“It was the hardest thing I’ve ever done,” he said in an interview before he gave a concession speech before dozens of supporters at HalfSmoke restaurant in Northwest. “I want to make sure going forward we continue this momentum and . . . create successful youth and inter-generational support. I want to make sure a new vision for the city is fulfilled.”

In other contests, D.C. Delegate Eleanor Holmes Norton won her primary contest by more than triple the voter output, moving her that much closer to marking her 15th term in Congress.

D.C. Attorney General Karl Racine and Councilwoman Mary Cheh (D-Ward 3) ran unopposed which puts them on the path for re-election in the general election in November.

Meanwhile, voters also approved a controversial and confusing measure known as Initiative 77, which would end an exemption that allows businesses to pay less than the minimum wage to tipped workers such as restaurant waiters and bartenders. The Council must still approve the measure which, to date, does not seem to have enough support for the initiative to become enacted into law.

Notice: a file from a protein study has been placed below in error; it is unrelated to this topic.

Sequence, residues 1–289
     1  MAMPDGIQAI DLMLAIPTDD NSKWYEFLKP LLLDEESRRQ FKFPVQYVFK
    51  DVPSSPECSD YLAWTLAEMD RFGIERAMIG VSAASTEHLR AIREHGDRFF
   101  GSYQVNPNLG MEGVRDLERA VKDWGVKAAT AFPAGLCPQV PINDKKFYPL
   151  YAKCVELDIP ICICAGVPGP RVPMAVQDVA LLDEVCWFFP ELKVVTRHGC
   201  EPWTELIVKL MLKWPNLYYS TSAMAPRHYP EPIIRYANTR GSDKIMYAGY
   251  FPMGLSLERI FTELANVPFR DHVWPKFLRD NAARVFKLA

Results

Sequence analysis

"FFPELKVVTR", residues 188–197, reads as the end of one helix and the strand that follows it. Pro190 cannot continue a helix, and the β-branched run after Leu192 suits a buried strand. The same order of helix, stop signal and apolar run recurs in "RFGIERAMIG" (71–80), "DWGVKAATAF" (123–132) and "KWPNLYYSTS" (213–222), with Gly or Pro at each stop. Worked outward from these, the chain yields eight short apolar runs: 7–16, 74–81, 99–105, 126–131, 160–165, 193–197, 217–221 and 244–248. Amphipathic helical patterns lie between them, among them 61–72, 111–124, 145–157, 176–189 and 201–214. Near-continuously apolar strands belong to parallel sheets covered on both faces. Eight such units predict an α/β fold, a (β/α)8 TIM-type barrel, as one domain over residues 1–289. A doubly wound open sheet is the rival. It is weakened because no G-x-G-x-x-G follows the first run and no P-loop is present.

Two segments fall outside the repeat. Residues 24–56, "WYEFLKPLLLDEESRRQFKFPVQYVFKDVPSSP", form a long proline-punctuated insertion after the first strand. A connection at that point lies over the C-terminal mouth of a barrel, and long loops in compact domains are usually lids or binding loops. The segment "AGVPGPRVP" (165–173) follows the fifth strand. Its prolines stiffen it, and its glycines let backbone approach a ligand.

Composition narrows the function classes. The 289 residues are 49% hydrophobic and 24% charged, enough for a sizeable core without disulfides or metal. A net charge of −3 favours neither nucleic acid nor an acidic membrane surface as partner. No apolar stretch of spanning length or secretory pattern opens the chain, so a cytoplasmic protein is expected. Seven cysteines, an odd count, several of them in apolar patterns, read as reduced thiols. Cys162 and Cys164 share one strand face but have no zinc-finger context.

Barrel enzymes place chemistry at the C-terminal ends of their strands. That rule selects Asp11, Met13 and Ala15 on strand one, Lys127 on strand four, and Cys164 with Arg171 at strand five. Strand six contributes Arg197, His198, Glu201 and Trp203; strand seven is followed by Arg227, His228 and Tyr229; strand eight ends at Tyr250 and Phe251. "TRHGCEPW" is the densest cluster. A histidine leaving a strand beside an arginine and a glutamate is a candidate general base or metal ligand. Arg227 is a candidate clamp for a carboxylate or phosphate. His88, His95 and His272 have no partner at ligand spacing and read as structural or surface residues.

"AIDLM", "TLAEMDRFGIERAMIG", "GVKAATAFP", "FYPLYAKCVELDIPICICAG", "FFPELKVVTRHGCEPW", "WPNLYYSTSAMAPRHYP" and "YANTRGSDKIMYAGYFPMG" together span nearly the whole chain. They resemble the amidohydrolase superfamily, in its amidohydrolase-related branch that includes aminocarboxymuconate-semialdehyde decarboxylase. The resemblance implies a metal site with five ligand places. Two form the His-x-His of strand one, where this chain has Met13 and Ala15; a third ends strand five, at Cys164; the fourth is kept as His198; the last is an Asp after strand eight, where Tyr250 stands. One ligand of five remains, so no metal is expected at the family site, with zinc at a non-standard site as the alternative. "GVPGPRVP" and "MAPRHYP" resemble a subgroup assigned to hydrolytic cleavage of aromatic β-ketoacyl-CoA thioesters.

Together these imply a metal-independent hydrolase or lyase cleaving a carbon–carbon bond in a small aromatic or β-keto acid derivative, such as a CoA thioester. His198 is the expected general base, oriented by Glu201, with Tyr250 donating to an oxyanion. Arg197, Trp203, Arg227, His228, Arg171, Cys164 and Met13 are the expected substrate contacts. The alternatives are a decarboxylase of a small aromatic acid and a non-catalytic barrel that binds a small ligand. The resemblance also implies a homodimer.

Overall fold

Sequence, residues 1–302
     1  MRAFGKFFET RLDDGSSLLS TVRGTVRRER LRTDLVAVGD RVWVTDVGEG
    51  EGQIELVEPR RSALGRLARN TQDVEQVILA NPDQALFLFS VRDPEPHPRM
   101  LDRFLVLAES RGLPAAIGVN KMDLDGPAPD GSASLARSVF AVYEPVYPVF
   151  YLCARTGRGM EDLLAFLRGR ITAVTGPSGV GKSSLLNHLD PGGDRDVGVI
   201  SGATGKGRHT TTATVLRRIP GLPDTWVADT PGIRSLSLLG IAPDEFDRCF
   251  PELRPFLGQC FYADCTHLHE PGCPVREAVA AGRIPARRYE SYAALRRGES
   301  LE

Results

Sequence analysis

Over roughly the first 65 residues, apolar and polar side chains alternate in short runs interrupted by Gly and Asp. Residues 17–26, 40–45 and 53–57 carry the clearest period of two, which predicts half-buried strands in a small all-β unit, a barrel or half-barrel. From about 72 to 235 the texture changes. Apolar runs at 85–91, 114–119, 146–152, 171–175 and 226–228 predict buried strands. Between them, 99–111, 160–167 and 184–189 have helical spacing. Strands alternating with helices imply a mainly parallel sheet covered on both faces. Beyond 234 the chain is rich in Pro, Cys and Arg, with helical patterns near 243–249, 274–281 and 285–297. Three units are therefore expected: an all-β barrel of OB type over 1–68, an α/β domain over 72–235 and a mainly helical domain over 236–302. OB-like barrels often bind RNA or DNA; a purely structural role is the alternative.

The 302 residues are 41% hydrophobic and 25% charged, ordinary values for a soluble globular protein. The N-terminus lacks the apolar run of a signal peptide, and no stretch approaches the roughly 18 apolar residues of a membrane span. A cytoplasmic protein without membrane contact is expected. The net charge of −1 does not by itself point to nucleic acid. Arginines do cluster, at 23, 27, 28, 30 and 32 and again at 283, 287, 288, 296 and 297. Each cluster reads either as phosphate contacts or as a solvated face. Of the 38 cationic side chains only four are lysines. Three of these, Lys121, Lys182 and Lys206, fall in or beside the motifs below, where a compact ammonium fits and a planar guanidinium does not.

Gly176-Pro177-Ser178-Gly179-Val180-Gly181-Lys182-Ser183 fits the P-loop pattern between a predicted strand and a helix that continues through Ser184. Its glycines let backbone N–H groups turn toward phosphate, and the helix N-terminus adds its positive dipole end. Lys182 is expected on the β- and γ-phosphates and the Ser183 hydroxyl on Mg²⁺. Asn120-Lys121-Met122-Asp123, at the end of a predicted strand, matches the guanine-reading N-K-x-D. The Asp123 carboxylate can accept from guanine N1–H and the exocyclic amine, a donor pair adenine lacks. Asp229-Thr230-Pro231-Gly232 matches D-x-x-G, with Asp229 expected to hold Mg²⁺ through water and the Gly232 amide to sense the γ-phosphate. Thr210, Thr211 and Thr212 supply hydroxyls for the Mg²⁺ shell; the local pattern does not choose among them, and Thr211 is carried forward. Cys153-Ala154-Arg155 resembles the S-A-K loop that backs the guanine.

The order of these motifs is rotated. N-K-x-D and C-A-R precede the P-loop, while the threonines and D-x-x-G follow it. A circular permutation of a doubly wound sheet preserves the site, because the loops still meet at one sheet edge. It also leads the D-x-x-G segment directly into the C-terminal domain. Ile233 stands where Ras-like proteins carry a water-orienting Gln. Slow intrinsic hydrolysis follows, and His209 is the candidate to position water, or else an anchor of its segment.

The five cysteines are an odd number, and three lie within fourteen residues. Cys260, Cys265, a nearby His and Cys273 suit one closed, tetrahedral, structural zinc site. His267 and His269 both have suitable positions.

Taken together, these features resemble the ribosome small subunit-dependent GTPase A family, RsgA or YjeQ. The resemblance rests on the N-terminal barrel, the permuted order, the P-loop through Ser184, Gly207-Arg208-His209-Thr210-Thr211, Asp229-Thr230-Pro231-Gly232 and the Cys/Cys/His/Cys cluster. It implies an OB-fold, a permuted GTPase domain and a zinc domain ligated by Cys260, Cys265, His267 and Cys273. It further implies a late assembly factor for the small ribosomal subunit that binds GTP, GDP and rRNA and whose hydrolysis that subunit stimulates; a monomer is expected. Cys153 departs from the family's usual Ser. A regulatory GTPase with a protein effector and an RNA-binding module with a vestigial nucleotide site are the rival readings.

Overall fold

The measure passed with 44,353, or 55 percent, of the vote; compared to 36,090, or 45 percent who opposed. Businesses would have to pay workers a minimum wage of $12.50 an hour that increases to $15 per hour by 2020.

According to current law, the minimum wage for tipped employees currently stands at $3.33 and will increase up to $5 by July 1, 2020.

Several voters against the measure wore “Vote NO #77” buttons.

Kyre Williams, a bartender, stood outside a Ward 5 polling station to discourage voters from approving the proposal. As an independent voter, Williams couldn’t vote in the primary because the city’s primary is closed to voters not registered as a Democratic, Republican, Liberation, or Statehood Green.

“It will influence [customers] not to tip,” said Kyre Williams, a bartender said. “The idea is for [customers] to trust that that hourly wage [of $15] is good enough and we all know $15 an hour is not enough.”

WI intern Lauryn Hill contributed to this report.

WI Guest Author

This correspondent is a guest contributor to The Washington Informer.